Paul Lachine

El titán fatigado

PARÍS – La actual “guerra de divisas” que probablemente dominará las discusiones en la próxima cumbre del G-20 en Seúl se tiene que analizar en el contexto del nuevo panorama de poder –un panorama que se ha transformado, tan sólo en dos años, debido a la primera crisis de la economía globalizada.

Las consecuencias económicas de la crisis han dejado a una serie de países desarrollados en una depresión severa y luchando para lograr una recuperación saludable. En contraste, los países con mercados emergentes, después de un breve retroceso, han logrado volver a encender sus motores de crecimiento y están avanzando con toda fuerza acumulando tasas de crecimiento impresionantes.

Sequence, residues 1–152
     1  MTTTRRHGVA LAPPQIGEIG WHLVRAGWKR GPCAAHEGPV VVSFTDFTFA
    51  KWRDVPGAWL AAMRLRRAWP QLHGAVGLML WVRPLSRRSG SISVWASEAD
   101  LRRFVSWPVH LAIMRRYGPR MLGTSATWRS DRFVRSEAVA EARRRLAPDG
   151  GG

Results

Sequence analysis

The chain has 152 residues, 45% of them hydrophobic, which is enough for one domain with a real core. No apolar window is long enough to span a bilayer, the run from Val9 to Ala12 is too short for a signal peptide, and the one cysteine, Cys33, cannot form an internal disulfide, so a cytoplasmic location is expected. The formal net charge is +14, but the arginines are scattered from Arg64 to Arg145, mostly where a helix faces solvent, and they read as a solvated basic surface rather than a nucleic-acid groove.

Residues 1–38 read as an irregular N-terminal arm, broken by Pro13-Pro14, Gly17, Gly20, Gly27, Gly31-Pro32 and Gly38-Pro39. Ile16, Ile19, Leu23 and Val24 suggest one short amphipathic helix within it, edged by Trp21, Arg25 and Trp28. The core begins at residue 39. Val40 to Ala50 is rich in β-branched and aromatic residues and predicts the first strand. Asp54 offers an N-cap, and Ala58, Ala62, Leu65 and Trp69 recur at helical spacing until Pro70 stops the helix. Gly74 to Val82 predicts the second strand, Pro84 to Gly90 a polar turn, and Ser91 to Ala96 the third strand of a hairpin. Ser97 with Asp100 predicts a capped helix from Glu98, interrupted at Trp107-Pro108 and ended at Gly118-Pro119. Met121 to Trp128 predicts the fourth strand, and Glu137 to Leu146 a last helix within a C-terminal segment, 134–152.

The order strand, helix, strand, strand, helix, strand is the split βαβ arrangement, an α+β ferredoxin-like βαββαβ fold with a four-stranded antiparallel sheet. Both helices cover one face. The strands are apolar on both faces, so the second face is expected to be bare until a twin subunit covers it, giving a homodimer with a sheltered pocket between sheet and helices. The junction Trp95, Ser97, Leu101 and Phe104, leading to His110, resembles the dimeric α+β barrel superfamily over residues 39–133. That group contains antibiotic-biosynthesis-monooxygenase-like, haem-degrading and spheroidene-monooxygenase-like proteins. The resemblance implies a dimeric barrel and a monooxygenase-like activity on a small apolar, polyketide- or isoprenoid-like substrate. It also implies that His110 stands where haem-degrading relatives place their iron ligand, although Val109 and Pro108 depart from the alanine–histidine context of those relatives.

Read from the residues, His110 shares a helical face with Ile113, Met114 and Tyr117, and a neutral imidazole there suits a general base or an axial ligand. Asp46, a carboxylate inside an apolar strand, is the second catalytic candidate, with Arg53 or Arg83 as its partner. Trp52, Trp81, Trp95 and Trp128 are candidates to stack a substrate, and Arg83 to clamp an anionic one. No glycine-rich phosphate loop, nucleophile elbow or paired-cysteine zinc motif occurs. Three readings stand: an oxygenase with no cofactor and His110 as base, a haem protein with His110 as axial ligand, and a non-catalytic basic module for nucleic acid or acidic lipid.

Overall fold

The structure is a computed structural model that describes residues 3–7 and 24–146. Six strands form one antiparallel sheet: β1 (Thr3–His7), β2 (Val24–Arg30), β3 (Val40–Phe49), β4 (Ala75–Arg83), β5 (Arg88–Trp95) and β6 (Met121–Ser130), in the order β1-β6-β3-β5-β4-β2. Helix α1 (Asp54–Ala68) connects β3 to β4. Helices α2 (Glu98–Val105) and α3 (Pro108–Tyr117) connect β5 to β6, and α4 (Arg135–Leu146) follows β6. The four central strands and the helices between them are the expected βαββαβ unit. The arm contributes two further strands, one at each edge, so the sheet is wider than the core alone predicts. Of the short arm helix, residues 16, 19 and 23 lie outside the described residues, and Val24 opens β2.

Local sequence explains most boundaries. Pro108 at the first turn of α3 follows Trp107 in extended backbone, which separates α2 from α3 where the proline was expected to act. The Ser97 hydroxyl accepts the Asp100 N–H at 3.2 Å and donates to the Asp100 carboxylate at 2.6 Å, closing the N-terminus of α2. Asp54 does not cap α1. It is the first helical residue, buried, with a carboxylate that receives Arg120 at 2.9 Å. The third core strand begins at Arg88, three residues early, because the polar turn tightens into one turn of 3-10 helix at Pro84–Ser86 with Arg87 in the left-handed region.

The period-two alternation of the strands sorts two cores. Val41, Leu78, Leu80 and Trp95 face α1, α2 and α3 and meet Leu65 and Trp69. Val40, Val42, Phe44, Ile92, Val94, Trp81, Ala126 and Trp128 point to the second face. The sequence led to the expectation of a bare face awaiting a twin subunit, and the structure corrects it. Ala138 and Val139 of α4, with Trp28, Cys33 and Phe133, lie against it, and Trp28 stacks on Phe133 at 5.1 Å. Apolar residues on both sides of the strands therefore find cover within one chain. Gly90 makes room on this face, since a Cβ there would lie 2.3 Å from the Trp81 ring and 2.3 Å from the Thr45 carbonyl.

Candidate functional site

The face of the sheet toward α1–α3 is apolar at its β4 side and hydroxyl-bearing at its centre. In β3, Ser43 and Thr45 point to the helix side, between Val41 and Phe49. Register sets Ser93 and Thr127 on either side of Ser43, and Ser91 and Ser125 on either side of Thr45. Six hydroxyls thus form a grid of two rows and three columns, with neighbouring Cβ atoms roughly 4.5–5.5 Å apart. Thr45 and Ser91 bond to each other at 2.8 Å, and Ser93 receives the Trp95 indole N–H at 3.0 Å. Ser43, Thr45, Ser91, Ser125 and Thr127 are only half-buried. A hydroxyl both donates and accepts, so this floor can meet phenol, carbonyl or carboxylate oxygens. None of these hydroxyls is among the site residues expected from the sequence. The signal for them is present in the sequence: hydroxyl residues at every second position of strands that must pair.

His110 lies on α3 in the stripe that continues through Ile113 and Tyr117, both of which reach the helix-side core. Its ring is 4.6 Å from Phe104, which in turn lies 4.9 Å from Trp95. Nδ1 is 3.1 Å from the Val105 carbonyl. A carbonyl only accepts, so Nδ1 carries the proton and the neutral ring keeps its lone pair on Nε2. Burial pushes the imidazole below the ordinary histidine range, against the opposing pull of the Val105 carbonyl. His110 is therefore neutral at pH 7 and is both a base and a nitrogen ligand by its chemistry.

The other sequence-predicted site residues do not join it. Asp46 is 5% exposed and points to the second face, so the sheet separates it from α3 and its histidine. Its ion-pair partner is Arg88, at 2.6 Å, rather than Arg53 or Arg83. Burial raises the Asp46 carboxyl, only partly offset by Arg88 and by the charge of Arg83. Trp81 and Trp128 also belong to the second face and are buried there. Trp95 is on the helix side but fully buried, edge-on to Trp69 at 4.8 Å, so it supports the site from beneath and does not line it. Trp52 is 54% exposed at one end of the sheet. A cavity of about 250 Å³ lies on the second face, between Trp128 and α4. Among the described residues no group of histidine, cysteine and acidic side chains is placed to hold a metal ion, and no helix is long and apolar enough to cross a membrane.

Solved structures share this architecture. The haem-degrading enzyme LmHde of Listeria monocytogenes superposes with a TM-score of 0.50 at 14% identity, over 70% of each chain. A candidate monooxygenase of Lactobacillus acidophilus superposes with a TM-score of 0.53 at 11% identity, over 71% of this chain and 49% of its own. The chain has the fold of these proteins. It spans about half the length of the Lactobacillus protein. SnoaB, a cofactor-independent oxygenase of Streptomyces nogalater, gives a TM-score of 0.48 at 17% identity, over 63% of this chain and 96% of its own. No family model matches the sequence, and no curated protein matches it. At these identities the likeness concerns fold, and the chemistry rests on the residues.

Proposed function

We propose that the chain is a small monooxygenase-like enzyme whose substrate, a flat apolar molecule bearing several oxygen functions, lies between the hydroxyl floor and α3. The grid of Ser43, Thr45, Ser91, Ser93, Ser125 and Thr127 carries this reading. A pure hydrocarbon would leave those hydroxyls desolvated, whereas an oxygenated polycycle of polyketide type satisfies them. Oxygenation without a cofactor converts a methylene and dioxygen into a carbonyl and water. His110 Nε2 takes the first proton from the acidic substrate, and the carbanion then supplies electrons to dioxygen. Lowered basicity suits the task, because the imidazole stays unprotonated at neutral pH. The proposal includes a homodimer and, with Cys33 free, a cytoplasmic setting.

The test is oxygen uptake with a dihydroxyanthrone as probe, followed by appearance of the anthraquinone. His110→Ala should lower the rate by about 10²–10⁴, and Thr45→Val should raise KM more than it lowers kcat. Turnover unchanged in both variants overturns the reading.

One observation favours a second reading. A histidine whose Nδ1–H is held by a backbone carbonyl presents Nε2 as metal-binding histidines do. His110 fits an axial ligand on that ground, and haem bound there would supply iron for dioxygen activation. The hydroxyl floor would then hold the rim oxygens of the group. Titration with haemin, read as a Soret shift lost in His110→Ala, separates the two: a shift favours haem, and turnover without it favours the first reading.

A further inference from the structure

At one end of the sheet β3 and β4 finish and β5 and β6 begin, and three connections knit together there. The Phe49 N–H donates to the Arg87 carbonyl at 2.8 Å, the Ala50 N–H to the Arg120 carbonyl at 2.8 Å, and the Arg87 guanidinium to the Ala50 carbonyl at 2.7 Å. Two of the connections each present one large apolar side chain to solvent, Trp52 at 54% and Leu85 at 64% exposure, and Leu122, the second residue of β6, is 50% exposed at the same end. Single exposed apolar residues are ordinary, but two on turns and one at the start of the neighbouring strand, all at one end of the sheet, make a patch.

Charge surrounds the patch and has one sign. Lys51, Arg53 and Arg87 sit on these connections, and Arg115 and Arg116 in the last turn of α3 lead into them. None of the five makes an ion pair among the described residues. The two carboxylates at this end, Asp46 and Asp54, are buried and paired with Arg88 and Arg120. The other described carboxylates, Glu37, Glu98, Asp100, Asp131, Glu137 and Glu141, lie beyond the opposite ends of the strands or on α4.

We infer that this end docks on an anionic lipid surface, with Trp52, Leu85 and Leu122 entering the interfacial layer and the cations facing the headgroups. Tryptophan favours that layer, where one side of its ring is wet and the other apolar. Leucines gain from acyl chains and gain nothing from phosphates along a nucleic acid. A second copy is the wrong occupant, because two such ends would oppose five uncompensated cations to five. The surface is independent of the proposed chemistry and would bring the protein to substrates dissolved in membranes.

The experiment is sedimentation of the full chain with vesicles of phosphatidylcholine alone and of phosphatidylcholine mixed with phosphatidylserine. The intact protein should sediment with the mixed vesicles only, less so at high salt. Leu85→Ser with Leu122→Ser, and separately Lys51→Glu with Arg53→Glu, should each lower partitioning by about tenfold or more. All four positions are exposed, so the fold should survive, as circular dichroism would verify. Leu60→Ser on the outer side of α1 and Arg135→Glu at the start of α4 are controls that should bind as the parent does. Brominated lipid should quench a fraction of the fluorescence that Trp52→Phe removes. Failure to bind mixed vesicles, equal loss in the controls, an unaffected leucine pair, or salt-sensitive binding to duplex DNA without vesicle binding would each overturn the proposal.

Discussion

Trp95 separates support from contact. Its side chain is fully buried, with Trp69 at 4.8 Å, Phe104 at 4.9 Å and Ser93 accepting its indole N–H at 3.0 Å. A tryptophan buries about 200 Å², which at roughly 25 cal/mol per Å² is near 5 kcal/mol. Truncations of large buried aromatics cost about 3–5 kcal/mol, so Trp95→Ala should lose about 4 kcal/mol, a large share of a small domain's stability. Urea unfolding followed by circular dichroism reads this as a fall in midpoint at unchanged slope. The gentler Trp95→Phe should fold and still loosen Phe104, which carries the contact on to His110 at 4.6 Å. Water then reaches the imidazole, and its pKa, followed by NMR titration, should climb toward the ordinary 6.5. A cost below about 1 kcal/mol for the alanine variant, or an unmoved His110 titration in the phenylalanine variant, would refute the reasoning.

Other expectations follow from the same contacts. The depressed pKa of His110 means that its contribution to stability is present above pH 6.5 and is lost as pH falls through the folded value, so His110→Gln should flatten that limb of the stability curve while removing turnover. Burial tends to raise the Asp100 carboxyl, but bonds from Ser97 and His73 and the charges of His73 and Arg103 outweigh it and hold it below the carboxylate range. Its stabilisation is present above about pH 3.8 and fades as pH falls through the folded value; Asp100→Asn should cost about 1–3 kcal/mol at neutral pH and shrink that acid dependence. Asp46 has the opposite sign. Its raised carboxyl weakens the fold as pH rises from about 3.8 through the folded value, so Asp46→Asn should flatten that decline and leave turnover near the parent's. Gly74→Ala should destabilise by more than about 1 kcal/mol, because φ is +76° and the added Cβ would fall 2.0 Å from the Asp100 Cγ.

También han habido consecuencias monetarias y financieras. Aunque ninguna moneda reúne aún las condiciones para remplazar al dólar como moneda de transacción y reservas mundiales, “este privilegio exorbitante”, como señaló Charles de Gaulle, ha sido objeto de ataques furtivos. En marzo de 2010, el grupo de la ASEAN+3, que incluye a China, Japón y Corea del Sur, estableció un fondo de reserva de 120,000 millones de dólares en virtud de la denominada “Iniciativa Chiang Mai.” Esta vez, a diferencia de 1997, los Estados Unidos ni siquiera intentaron atacar este “Fondo de divisas asiático” embrionario.

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